Located in Austin, one of the next U.S. boomtowns, the Sky Garden at 70 Rainey sets a precedent for growing up rather than out and creates a deliberate connection to the surrounding landscape through careful plant selection. Recreating the Texas Hill Country landscape and utilizing nature as a healer, the Sky Garden creates protective microclimates 100 feet in the Texas sky.
Aptly named, the Sky Garden is dominated by plants and creates a scaled–down and elevated version of the region’s landscapes. Though famous for its limestone and granite, there is much to be said about the Hill Country’s utilitarian vegetation. Practicality was a defining characteristic in the design approach. Echinacea, Salvias, and Asclepias feed pollinator insects. Yuccas endure extreme temperatures and Huisache trees shade guests. The Sky Garden also responds to its immediate surroundings. Heeding the building’s architectural cues, the design team curated a plant palette that blends building and nature. Plants have grown wildly and abundantly since their installation, becoming more and more impressive over time.
Extensive measures were taken to ensure the Sky Garden was protected from Texas’s elements. Wind tunnel test data revealed locations where turbulence would create uninhabitable conditions. Deliberate planting interventions were invoked to curb winds and create comfortability. Crossvines climb the railings, providing year-round protection. From the street, these vines are part of the screen plant composition that shields the east and south faces from wind and sun and ties the building’s podium screen and deck together. Native Huisache trees also play a role in the success of the Sky Garden’s microclimates. Located in the southeastern corner, which receives over six hours of sunlight during summer, these trees create a second canopy that lowers temperatures on the deck but allow sunlight to filter through the bipinnate leaves. These carefully considered design decisions bring the deck to a human scale and create an ideal environment for enjoying the Sky Garden’s many offerings throughout the day.
Of the 9,300 square feet of rooftop exposed to the sky, over 43% is comprised of gardens and an infinity edge pool. Rainwater is slowed and absorbed by the amenity deck’s planting areas, which help reduce runoff to the City of Austin’s storm system and Lady Bird Lake, a reservoir dedicated to recreation and flood control. Other environmental benefits that can be attributed to the Sky Garden include reoxygenation and increased pollination.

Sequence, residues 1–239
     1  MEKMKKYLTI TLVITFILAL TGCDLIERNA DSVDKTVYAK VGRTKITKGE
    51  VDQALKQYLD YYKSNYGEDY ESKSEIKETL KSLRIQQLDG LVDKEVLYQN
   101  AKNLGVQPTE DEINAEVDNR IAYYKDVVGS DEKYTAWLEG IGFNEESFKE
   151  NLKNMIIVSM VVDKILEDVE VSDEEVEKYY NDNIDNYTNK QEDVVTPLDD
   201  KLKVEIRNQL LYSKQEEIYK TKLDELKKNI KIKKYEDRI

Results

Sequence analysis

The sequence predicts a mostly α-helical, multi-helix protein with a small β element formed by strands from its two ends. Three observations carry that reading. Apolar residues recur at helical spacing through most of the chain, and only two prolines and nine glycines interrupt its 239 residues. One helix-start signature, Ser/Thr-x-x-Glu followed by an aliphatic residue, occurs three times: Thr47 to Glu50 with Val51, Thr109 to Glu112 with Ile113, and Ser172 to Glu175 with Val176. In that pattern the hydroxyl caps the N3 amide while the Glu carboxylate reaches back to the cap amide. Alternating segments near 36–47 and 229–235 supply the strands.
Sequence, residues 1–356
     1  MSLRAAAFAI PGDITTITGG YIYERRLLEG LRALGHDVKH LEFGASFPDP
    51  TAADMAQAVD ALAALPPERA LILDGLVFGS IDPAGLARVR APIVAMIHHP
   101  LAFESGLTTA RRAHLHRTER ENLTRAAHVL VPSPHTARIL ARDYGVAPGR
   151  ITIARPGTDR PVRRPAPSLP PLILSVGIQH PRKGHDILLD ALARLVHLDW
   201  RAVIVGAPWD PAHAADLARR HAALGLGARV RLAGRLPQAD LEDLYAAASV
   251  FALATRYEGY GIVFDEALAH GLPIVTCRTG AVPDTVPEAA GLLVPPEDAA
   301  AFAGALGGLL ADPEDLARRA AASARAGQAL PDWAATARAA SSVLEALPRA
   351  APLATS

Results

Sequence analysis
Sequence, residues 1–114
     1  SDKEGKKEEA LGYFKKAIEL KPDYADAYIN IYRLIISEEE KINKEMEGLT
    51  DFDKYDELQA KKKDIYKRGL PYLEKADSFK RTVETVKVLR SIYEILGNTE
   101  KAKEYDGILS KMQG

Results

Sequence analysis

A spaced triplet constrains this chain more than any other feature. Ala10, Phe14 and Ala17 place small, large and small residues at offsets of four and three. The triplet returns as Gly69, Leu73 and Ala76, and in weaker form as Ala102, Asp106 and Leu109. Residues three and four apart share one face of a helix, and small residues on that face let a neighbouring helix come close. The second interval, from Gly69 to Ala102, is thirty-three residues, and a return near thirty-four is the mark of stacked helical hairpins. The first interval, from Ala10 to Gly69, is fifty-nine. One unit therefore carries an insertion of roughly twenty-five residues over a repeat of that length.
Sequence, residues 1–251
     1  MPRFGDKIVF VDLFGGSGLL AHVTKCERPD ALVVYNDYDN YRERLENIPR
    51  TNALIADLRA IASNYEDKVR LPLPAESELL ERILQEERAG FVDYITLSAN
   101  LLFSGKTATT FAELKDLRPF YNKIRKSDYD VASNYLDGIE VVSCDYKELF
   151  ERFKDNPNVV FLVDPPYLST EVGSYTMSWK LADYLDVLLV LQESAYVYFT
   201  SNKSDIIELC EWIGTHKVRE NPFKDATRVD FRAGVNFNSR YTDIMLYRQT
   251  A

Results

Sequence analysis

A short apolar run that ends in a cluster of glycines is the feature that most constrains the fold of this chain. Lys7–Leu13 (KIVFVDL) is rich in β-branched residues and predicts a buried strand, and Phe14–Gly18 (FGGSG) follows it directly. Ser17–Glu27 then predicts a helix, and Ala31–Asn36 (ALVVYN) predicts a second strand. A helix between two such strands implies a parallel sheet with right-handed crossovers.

Programming is inspired by surrounding social forces. Tree-lined Rainey Street is the city’s most visited entertainment district. Bungalows turned indoor–outdoor eateries allow locals and visitors to enjoy the outdoors, music, and fantastic weather. Along the building’s Rainey Street side, shady gathering spots foster community like the bustling street below while the south and west sides take advantage of panoramic views with garden rooms and an infinity edge pool.
Perhaps most importantly, the Sky Garden provides a lush, open-air escape where residents can maintain their mental wellness, engage in recreation, and surround themselves with nature. The east side is an ideal location to begin one’s day watching the sunrise. Its garden rooms, brightened by natural light, are a perfect retreat for reading and contemplation on hot summer days. Breezes circulate and lift the scent of vibrant, colorful perennials, shrubs and grasses into the air, giving the plants lively movement. The west edge of the building captures astonishing views of the setting Texas sun, Lady Bird Lake, and the vast Austin skyline on any given evening.
As cities like Austin continue to grow, the Sky Garden at 70 Rainey will serve as an important case study for rooftop gardens. In an undeniably urban setting, the Sky Garden successfully recreates native and natural landscapes, revitalizes the environment, and provides a refuge for humans and flora alike.
Architecture offices involved in the design: Page\ Architects
Project location: Austin, TX
Design year: 2016
Year Built: 2019